Debate hovers over helicopters
Claudio Bellotto first learned how to fly in the Italian Air Force about 36 years ago.
“Flying is the oldest dream of man,” he said while preparing to load into his twin-rotor red helicopter. “It’s the defeat of gravity.”
The aircraft lifted like a feather above the tarmac of the South Lake Tahoe Airport last week and headed for Emerald Bay. Meadows and houses gave way to the sea of blue that is Lake Tahoe. The lake’s famed clarity stretched out below. Hundreds of yards from shore, passengers could still see its sandy bottom.
Last year, opportunity knocked and Bellotto came here to do something no one else was doing at the time: helicopter tours based at Tahoe.
His company, HeliTahoe, provides sightseeing tours, pilot training, aerial surveys, and even weddings while hovering thousands of feet over Lake Tahoe. Bellotto has a firm handshake, a characteristic Italian accent and jovial nature.
Recently, he’s been the subject of a little news here. The Tahoe Regional Planning Agency has received complaints about helicopter noise and concerns the aircraft could disrupt a bald eagle nest in Emerald Bay.
The agency says it is looking closely into the matter. Anecdotal evidence says there are problems with aircraft that come from out of the basin, not the local tour operator, said TRPA spokeswoman Julie Regan.
“That particular company is very much aware of the bald eagles, the issues with the wildlife and the overall environmental sensitivity of the areas,” she said. “They have shown a willingness to work through the issues.”
Bellotto remains loyal to his trade.
“No one has the right to prevent people from enjoying this breathtaking view,” he said. “What you see there makes you feel like you are really blessed.”
Last month, when he got the only complaint in one year of operating here, he said he immediately raised his altitude by 600 feet and changed his course so he was not going over the eagle nests.
His helicopter, a 2004 Robinson R44 Raven II, is the quietest model on the market, he said. The tail blade and rotors are designed to minimize sound. Pilot technique is also key: helicopters can be flown efficiently while minimizing power.
Helicopter noise came up during public comments at a recent meeting of TRPA’s Governing Board. The Grand Canyon was cited as one example of an area that has banned helicopters altogether, but the Tahoe Daily Tribune could not confirm this.
According to the Grand Canyon Association, a nonprofit that supports educational programs in the National Park, helicopters may not fly into the Grand Canyon, but they can fly over it. A quick look on the Internet shows there are several companies selling helicopters tours there.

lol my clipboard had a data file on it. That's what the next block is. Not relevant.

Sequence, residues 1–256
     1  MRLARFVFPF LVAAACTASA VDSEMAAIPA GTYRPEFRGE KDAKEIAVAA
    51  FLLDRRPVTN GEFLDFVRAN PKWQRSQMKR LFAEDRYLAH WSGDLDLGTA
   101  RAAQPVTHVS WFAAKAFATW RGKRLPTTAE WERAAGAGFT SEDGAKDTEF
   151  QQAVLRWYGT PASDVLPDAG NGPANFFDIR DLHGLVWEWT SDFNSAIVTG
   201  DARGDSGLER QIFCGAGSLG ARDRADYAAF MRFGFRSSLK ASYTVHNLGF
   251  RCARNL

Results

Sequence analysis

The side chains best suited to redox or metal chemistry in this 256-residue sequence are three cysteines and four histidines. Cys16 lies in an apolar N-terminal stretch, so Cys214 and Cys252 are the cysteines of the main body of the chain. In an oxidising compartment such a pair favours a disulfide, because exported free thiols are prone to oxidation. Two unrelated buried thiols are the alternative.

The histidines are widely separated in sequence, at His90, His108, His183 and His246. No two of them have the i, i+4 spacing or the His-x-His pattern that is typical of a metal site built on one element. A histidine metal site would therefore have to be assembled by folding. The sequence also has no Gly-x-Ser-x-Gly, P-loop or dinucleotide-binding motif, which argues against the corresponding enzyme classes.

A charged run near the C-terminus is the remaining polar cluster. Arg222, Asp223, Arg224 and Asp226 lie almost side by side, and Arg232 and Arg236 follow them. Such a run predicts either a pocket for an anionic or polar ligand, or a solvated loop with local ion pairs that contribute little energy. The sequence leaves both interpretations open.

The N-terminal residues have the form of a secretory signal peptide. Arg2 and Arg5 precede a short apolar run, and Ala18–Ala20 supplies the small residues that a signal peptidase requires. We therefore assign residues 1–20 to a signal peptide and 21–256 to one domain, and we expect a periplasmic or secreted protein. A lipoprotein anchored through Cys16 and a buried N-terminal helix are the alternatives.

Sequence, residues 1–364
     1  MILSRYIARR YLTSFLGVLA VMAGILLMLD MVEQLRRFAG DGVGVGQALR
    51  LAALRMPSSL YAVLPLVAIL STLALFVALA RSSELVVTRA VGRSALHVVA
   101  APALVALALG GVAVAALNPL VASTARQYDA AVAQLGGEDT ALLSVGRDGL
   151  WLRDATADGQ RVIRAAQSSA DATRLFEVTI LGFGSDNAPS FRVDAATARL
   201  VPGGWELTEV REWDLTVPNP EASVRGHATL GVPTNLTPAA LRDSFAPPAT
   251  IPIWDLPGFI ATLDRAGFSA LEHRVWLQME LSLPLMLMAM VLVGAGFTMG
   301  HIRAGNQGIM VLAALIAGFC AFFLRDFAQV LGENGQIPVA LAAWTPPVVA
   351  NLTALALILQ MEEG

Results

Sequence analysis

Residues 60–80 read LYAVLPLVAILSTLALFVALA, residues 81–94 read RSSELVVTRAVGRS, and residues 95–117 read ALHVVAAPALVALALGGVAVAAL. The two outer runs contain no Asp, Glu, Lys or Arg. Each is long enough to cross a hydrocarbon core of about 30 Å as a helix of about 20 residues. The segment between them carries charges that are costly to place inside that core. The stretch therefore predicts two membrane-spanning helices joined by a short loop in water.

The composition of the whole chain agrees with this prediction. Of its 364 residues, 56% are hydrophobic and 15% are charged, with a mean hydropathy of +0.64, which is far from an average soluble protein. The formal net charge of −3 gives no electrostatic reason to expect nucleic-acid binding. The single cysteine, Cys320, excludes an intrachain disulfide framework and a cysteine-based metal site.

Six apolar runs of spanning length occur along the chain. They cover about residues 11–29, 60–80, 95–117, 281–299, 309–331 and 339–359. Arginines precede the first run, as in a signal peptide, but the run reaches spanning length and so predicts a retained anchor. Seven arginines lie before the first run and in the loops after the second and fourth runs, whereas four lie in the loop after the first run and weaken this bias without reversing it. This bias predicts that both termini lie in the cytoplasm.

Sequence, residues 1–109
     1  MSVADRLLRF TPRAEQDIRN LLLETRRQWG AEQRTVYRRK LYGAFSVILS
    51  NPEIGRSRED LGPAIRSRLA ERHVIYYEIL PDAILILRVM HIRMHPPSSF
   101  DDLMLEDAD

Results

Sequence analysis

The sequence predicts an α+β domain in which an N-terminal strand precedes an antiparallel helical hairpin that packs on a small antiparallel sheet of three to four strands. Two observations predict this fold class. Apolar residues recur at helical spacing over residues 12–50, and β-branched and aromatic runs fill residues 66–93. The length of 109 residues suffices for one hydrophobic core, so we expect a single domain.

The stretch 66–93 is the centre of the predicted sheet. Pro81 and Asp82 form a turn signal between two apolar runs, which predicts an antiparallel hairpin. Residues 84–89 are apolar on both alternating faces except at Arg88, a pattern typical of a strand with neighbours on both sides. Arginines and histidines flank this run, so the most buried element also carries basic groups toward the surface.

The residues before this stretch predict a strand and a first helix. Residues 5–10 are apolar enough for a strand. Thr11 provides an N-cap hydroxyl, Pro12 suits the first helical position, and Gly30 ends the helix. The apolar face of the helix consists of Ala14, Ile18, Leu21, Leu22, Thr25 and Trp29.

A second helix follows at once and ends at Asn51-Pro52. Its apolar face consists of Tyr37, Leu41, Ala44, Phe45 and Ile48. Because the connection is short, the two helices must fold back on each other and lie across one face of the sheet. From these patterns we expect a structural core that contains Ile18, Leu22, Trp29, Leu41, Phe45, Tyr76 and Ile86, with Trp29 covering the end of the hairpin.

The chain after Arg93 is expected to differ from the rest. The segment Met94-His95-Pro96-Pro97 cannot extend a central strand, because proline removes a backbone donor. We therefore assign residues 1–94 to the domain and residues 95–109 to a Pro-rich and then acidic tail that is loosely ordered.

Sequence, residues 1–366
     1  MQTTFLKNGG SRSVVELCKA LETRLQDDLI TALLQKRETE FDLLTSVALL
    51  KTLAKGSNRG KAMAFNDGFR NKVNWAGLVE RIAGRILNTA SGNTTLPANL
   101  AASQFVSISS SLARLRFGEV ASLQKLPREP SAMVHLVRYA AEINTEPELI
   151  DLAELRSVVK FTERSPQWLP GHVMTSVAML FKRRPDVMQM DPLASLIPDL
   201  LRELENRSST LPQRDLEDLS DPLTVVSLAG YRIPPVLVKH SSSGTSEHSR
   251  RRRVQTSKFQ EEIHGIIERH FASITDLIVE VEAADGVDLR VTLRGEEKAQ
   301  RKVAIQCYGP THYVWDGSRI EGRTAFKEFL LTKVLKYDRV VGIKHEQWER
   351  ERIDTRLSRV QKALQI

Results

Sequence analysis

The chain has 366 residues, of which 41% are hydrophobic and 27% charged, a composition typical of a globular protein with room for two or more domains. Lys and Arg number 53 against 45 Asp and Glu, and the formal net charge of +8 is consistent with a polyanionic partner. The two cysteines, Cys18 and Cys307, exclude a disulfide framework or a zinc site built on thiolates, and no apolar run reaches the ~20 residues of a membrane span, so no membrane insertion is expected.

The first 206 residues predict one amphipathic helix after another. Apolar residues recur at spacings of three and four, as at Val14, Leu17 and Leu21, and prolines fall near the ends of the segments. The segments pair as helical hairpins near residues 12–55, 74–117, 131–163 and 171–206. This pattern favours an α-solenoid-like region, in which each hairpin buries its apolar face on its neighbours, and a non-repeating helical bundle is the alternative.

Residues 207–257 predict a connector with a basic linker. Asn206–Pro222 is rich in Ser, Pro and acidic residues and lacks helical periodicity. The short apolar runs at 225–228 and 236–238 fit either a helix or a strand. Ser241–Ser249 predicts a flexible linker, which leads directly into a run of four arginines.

A new regional plan that is expected to be finalized in 2008 could produce new – or more refined – regulations regarding noise impacts on recreation and wildlife. The Pathway 2007 forum has a noise working group looking at the issue. The forum’s meetings are open to the public.
TRPA is not considering banning helicopters, Regan said, but could try to regulate where they can go once they are here, if they find a problem exists, especially with the eagles.
“We value and appreciate the public concerns we’ve heard,” she said. “We can’t arbitrarily set a new rule unless we go through a thorough investigation of the extent of the problem.
Bellotto and Mike Weber, a South Lake Tahoe City Councilman and TRPA board member, said that only the FAA has the authority to regulate the skies.
TRPA asserts its right to regulate Tahoe’s skies based on its federal mandate, but it knows whatever moves it makes will be more effective with support from the Federal Aviation Administration, which has more enforcement ability.
“If we want to delve into this issue, we need to work collaboratively with FAA and all of our partners here to come up with solutions,” Regan said. “This has not been an outcry until most recently.”
Emergency operations, like CALSTAR, a nonprofit helicopter ambulance service, are exempt from certain rules. As Bellotto was quick to note, the helicopter is the only aircraft that has saved more lives than it has taken.
As proof of its right to regulate Tahoe’s airspace, TRPA’s lawyers cite a 1987 opinion by a federal court.
The court concluded that “Congress necessarily created, for environmental reasons, a narrow geographical exception to the open-sky policy embodied, in part, by the Airline Deregulation Act …
“It would be unreasonable to conclude that Congress would ratify the creation of TRPA, a bi-state agency, to establish and maintain strict environmental standards, including noise, air pollution and transportation standards, and not to give TRPA the power to regulate the number and frequency of airline flights into the Tahoe Basin.”
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